Summertime during a pandemic–what will you do for fun outside of your home? Runners and hikers will likely take advantage of the longer daylight and drier trails. This sounds wonderful, but lower body injuries lurk within these highly repetitive, weight bearing activities if our musculoskeletal and neuromuscular systems are out of tune.
Tuning these systems requires training the muscles and the nervous system to work together.
For example, standing on one leg, requires your ankle, leg, and core muscles to integrate and communicate with the proprioception and inner ear systems to keep you upright. Now, consider running a single-leg activity; how well a runner can balance for single leg activity is an indicator of pelvis control and core strength.
Runners require strength and stability from one leg at a time to allow them to gracefully move through the gait cycle–absorbing shock on landing, transferring body weight in the stance phase and then pushing off the ground appropriately. If proper landing and push off is achieved, the alternating leg is set up for success when it hits the ground….and the cycle repeats, over and over, step after step. With practice and repetition, better form and function will reduce injury and improve performance.
Some suggested exercises are listed below. In general, focus on control, slow down your motion and hold a balanced posture before you change position. Keep your back relaxed and try to “feel” your gluteal muscles during your stance. You will notice improvement with practice!
- Toe/Heel taps:
Stand on one leg and toe tap your other foot in-front, out to the side, and behind you. Bend your knee slightly as you reach your other foot to the ground. Try to keep your stance-leg hip, knee, and ankle in good alignment. Do not let your knee on the stance leg fall inward. Keep your trunk upright. Keep your pelvis and waist level. Feel glutes engage on stance leg. Actively contract them if you need.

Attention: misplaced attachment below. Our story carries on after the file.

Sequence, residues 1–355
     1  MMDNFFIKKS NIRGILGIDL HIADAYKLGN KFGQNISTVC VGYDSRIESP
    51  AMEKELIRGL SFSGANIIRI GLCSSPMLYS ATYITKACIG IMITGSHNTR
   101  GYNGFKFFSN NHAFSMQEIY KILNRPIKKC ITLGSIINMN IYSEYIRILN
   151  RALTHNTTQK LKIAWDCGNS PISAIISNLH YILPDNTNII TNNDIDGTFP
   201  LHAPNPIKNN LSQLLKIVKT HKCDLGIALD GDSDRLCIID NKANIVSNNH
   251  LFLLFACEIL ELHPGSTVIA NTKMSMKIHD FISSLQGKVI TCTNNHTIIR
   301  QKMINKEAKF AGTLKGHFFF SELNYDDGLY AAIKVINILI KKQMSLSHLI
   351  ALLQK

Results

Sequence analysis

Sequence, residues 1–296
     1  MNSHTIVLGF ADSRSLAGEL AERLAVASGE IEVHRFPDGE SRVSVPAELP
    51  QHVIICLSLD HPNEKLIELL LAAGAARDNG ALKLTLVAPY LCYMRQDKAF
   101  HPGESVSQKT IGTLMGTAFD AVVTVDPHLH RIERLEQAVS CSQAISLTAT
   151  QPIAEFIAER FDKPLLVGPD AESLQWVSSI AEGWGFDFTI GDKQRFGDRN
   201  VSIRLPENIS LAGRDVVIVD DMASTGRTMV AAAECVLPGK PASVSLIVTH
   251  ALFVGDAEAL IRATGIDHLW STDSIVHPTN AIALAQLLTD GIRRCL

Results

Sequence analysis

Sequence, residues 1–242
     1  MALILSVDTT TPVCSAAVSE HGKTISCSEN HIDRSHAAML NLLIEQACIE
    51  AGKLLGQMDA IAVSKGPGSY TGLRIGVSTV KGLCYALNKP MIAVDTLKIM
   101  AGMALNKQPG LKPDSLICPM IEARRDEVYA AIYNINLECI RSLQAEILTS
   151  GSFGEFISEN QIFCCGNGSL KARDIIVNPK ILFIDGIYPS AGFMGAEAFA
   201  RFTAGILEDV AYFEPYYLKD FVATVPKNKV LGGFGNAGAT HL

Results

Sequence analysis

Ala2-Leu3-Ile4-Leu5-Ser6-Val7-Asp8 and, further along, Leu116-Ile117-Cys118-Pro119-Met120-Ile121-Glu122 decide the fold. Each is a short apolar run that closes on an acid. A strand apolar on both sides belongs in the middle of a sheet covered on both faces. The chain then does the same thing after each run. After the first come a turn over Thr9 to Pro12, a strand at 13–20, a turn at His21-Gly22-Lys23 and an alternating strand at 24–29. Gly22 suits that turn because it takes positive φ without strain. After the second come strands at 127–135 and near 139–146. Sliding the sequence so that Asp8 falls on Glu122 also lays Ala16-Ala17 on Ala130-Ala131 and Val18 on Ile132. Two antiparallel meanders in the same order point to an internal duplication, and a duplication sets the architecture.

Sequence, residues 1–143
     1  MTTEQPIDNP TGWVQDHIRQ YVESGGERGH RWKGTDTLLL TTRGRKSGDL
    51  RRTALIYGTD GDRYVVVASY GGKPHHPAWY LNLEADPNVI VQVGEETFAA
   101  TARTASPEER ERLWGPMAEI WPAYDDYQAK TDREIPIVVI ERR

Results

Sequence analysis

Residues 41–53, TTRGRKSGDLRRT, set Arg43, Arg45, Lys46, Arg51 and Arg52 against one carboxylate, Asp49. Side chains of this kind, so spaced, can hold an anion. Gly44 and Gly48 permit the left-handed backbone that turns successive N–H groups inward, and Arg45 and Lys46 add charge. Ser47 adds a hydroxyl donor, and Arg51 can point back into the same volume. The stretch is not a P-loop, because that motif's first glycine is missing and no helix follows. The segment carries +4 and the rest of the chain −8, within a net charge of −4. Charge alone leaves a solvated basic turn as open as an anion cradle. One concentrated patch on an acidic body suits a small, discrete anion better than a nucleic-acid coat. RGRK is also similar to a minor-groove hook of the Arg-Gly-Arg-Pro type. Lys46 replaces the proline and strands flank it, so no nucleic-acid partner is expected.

- Standing RDLs:
Stand on one leg and bend forward, touching your opposite hand to the toe. Try to hinge at your hip and you will feel a gentle, slight stretch in your hamstring. Can you do this without holding onto something? If not, just touch a countertop or wall until you get more balanced.
- Lateral skater jumps + stick the landing:
Shift side to side, sit down into your hip and try to get hip over your heels.
- UNEVEN Surface:
Stand on a pillow, couch cushion or BOSU and balance with eyes open and closed (with one leg or both), or try to perform squats.
These can be made more difficult by manipulating your surface (narrow or cushioned surfaces are more challenging) or your visual input (eyes open, eyes closed, or looking off center). If you experience pain or have other concerns, please contact your physical therapist.
Rebound Sports and Physical Therapy has many therapists available to help achieve your running goals. Questions? Please contact our Loveland or Fort Collins office at (970)663-6142.
Emily Clark, M.S., P.T.